Let’s be honest, it would have been easy for old-time baseball fans to snicker a little bit — assuming people still “snicker” — when announcer Joe Buck called Eduardo Rodriguez’s Monday Night performance “fantastic.”
That word, “fantastic,” has a fascinating evolution. It comes from the Old French word “fantastique,” which meant “existing only in imagination.” You will still see the word used that way — such as in J.K. Rowling’s Fantastic Beasts and Where to Find Them.
After a while, people began using “fantastic” to refer to things that are real but are so extraordinary and implausible that they do not feel real. These things are so unreal — so fantastic — that they seem to have popped out of the imagination.
Boston’s Eduardo Rodriguez pitched six innings in Game 3 of the ALCS against Houston, and he gave up five hits and three runs.
That doesn’t exactly sound “fantastic.”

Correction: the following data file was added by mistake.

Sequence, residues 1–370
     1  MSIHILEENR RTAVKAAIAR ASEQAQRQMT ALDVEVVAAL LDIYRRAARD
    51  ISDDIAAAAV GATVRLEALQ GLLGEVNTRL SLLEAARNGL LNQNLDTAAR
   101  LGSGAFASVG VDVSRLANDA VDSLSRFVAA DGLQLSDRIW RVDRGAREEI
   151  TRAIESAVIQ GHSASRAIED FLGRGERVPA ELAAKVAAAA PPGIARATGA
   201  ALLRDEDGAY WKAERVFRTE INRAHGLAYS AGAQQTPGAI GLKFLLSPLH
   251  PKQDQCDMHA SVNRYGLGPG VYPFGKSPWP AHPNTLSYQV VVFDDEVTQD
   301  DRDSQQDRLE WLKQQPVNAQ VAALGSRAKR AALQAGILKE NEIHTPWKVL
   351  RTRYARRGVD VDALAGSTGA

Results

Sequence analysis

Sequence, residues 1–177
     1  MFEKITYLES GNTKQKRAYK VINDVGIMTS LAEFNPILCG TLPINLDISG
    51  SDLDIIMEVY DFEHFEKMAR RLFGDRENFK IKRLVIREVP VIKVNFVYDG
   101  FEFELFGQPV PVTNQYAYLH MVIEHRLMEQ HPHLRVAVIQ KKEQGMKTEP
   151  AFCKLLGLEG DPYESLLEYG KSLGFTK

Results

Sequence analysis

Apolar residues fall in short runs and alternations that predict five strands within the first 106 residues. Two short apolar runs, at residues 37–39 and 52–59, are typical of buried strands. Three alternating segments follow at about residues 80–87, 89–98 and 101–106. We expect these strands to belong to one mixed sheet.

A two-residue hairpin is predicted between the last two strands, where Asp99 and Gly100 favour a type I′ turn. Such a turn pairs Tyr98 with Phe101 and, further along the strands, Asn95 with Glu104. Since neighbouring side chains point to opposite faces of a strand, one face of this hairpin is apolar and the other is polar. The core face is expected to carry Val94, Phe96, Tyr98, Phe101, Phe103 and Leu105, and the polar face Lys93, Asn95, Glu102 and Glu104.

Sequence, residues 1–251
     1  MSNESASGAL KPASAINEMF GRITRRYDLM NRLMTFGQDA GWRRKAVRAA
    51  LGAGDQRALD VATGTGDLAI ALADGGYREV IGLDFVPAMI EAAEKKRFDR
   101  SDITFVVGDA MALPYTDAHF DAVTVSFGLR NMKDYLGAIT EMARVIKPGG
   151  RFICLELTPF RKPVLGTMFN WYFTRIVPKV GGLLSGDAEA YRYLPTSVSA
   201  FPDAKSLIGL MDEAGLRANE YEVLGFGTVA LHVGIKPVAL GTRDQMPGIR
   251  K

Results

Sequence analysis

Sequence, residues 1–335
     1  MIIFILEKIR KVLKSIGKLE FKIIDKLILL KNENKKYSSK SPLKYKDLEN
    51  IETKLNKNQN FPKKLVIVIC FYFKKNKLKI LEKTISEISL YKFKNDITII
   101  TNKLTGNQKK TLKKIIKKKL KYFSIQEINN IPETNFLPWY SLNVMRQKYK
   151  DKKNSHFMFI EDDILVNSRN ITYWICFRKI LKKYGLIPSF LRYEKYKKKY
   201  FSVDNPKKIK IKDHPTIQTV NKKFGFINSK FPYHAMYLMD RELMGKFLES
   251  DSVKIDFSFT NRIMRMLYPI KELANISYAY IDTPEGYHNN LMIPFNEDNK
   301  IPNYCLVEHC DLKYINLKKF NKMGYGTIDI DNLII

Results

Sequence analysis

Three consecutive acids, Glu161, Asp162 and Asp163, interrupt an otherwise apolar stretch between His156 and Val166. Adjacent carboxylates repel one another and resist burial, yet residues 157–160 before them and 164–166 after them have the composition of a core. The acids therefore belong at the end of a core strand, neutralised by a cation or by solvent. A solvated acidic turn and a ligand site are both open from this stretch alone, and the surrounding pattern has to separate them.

I mean, I don’t think Sandy Koufax or Bob Gibson or Jack Morris or Randy Johnson or indeed Joe Buck’s partner, John Smoltz, would find that to be “fantastic.”
But here’s the thing: It kind of was fantastic. We are living in a moment where Chris Sale — one of the most accomplished pitchers of our time — goes 2 2/3 innings, allows five hits and one run, and he’s getting congratulated in the dugout like he just flew the first trans-Atlantic flight. We are in a time where Alex Wood’s 4 2/3 shutout innings is ranked up there with some of the greatest postseason starts ever. We are in a time when we’re ready to send Logan Webb — who twice went SEVEN INNINGS — directly to the Hall of Fame, do not pass Go, do not collect $200.
And if that sounds a bit sarcastic … well, yes, of course, it is; it’s like the 7th juror in “12 Angry Men” said, “For your three dollars a day, you’ve gotta listen to everything.”
But it’s also not sarcastic because something is going on in baseball right now, and if we don’t pay special attention, we will miss it. There have been 48 starts in the postseason this year so far. Not one lasted eight innings. Not even one. Only three — the two Webb starts and Max Scherzer in Game 3 of the Division Series — went seven innings.
Only 20 of the 48 starters — fewer than 42% — made it even the five innings necessary to get a win.